When much of the rhetoric and conceit is stripped away, we are left with what is important to understand about the objectives of neoliberal globalization: uninhibited access to key markets, access to energy supplies, and access to strategic resources.
Contact, conquest, consolidation
Millions of indigenous people's lives are adversely affected by a model of development which privileges the interests and concerns of global investors over the collective rights of indigenous peoples to their lands, pastures, rivers, mountains and ancestral territories. The present situation however is not new. The roots of the current phase of economic globalization lie in the imperial European conquests from the 16th century onwards. Unfortunately, as a process of economic dispossession and spiritual and cultural loss for indigenous peoples, it has been accelerating in the new age of "accumulative globalization."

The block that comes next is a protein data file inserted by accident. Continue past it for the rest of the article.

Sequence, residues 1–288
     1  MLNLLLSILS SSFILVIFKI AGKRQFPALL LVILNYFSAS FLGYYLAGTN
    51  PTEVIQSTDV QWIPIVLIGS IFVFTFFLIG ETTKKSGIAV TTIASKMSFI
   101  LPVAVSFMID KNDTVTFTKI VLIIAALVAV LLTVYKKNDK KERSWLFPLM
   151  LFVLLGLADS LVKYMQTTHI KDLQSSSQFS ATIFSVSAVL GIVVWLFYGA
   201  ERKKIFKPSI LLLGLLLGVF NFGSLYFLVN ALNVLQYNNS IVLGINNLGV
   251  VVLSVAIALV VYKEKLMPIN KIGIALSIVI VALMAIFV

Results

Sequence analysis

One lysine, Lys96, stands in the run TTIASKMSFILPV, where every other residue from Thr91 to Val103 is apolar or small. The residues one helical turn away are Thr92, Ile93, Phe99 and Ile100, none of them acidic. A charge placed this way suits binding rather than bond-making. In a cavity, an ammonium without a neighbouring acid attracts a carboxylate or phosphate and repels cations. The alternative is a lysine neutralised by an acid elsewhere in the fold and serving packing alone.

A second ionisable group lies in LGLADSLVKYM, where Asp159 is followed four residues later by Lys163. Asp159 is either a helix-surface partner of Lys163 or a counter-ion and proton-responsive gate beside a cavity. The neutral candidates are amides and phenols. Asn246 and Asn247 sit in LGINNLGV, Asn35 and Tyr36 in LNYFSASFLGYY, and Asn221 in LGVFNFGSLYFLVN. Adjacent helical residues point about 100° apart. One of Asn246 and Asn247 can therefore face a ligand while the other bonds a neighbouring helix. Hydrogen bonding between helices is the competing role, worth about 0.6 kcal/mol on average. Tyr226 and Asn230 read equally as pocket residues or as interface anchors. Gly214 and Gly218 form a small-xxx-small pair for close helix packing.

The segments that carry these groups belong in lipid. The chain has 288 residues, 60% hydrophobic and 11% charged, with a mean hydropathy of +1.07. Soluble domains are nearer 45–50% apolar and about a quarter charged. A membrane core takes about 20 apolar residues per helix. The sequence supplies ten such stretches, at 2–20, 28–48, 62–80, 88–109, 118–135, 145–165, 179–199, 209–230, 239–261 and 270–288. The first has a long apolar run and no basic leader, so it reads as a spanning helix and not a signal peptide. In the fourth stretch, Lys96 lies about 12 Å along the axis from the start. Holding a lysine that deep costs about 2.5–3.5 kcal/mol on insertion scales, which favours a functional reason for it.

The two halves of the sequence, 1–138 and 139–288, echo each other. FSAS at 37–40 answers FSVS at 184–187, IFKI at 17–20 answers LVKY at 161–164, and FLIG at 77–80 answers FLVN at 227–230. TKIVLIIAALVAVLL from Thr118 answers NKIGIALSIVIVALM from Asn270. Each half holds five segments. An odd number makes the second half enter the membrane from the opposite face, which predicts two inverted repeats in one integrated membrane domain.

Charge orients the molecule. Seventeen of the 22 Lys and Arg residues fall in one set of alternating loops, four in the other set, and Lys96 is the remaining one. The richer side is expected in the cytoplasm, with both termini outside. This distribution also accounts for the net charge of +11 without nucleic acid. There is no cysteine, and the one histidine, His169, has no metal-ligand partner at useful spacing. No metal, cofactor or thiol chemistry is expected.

What the Spanish Conquistadors, King Leopold of Belgium and the British East India company, just to mention a few, could not do to indigenous peoples, the global extractive industry with the help of the Word Bank is trying to finish. As always, it is in the name of profit: by mining on the territories of the world's indigenous peoples, displacing and thus destroying whole cultures.
Historically this conquest was rationalized as a "civilizing mission," but now the ideology has changed: economic progress and its correlate, material progress, are now employed in the name of development. It is no longer some misplaced notion of Judaeo-Christian moral supremacy. Rather it has mutated into neoliberal globalization, and as an ideology of moral supremacy it is just as deadly as its imperial antecedent. It is a development process we are led to believe is politically neutral, value-free and technologically proficient. In other words, the market, if left alone to its own devices--freeing up private enterprise, opening up trade and investment, and "liberating" global capital--will solve all global problems. Welcome to the new religion, same as the old one.